quette established on board, that before a cork be drawn each indi-
vidual pays on the spot for whatever he drinks; the gentlemen,
therefore, clubbed together, purse in hand, for a supply of wine, or
whatever beverages they fancied, and one ban-vivant might be heard
asking, in a matter-of-course tone, whether his opposite neighbour
would "join him in a bottle of porter ?"

" I am already engaged to take ale with Mrs. D.," was the reply ;
" but here is Sir A. on the look out for a helpmate."

(His aunt visibly started !)

'' I am taking ginger-beer with Mr. N.," replied the young ba-
ronet ; " but Captain Campbell seems disengaged."

Matters being so far adjusted, the various descriptions of beer
were forthwith summoned, when a number of ridiculous blunders
ensued ; the ale bespoke by Mrs. D. being precipitated into th^ glass
of Mr. N., who had a horror of strong Scotch ale ; and a bottle of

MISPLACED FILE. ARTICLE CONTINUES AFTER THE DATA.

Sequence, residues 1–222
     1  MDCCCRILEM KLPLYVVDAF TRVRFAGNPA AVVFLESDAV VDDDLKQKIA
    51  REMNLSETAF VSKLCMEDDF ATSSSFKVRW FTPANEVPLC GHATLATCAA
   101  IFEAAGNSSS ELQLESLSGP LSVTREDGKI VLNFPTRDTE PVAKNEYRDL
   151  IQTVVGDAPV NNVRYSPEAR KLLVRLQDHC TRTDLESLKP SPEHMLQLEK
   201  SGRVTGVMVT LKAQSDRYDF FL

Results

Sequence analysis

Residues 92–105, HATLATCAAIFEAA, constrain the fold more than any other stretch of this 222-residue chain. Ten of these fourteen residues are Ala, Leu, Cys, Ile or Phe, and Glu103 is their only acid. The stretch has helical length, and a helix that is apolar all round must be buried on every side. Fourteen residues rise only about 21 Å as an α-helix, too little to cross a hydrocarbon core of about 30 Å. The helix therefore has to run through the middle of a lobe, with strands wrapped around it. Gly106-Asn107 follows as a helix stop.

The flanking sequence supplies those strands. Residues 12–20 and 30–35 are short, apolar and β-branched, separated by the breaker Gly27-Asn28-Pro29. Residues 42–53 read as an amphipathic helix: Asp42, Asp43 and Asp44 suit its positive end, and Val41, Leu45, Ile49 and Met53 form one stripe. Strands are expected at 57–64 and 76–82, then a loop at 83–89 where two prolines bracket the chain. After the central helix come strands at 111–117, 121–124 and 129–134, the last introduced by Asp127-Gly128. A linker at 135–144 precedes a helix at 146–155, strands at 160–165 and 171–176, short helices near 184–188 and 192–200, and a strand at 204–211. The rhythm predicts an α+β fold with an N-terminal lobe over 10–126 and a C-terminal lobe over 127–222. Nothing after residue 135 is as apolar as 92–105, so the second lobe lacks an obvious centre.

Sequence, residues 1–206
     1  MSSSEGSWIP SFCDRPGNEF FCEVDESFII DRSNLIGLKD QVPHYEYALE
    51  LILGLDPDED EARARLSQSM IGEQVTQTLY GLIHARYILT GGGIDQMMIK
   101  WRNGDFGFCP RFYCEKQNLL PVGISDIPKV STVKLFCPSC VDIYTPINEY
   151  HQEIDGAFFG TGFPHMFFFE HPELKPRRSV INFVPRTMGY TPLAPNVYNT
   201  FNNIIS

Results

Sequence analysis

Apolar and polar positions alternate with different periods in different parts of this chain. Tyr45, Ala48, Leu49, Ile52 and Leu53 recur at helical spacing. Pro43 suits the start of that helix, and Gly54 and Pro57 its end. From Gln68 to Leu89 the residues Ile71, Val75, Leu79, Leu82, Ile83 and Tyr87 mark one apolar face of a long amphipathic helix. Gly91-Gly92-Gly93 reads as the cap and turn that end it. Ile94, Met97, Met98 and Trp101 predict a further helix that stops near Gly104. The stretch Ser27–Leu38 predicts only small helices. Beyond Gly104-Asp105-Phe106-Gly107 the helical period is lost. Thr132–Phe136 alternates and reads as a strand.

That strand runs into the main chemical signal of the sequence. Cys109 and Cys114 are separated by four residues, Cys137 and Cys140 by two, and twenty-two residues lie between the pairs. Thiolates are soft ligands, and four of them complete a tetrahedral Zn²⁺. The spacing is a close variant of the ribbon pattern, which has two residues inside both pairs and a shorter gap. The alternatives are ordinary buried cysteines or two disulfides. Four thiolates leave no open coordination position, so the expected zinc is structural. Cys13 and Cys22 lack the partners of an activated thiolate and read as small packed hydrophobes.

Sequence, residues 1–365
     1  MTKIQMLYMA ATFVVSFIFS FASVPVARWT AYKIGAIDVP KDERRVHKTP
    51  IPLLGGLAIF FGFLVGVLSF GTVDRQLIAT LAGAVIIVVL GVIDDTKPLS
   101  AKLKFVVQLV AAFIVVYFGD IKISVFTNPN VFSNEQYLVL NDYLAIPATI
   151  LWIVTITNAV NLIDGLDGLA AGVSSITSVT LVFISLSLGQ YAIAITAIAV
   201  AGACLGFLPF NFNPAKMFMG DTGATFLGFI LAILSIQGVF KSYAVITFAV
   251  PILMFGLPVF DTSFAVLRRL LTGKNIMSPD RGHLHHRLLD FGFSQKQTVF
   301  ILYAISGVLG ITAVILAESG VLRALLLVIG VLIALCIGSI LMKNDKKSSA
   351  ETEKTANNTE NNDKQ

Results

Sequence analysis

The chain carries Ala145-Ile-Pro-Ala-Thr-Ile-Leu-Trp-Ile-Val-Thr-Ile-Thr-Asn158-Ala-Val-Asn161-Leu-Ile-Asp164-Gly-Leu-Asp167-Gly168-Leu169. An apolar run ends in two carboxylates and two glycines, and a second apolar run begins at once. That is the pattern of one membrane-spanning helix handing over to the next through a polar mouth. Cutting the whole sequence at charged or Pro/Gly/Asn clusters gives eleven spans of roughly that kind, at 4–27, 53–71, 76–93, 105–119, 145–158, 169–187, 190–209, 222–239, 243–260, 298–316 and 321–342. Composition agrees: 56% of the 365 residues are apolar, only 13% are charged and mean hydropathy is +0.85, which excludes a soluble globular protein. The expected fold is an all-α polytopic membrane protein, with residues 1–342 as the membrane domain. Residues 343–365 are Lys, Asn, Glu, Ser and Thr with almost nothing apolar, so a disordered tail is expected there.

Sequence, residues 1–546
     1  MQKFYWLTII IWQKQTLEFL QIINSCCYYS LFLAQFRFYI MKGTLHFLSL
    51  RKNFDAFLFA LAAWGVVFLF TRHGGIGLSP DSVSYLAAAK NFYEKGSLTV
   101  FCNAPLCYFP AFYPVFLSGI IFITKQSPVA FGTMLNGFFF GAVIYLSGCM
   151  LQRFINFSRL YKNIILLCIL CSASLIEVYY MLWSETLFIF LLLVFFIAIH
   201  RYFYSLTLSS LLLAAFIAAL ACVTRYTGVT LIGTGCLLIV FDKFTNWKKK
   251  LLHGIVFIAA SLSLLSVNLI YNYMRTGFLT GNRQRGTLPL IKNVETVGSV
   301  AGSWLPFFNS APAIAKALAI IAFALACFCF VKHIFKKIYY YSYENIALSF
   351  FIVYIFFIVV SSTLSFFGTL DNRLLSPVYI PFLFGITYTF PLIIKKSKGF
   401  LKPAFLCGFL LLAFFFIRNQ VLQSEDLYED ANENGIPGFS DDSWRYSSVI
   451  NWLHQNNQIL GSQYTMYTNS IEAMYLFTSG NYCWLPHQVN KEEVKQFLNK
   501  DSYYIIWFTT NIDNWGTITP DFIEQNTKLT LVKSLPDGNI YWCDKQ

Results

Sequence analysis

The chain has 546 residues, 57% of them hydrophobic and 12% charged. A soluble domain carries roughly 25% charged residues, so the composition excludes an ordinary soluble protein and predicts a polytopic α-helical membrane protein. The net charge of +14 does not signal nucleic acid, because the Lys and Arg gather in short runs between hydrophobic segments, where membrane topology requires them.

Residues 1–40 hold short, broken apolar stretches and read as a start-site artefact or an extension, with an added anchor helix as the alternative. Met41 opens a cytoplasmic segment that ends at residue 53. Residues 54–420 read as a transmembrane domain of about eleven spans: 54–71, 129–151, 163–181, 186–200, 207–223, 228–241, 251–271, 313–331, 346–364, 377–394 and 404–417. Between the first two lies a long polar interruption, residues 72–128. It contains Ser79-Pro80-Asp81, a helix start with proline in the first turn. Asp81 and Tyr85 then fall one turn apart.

ginger-beer exploding like a pistol at the ear of Mrs. D., who was
inundated with the contents, to the no small detriment of her many-
coloured dress.

In passing near the shores of Mull, a farm was pointed out to us,
containing three thousand acres, at a rent of only ninety pounds a
year ! A squatter in New Zealand could scarcely find any land so
cheap ; and it was abundantly peopled with birds of every feather,
some of which Captain Campbell amused himself with firing at ; but
scarcely had he exhibited his skill by wounding a cormorant, before
Mrs. D. seized hold of his arm, and exclaimed with breathless
energy, *' If you fire another shot, sir, I go off in hysterics ! " This
threat might have disarmed any Captain Campbell in the world, and
it proved infallible on this occasion ; therefore, subsequently, when-
ever anything was said or done which annoyed her sensitive nerves,
she tried the same experiment of being nervous and hysterical, a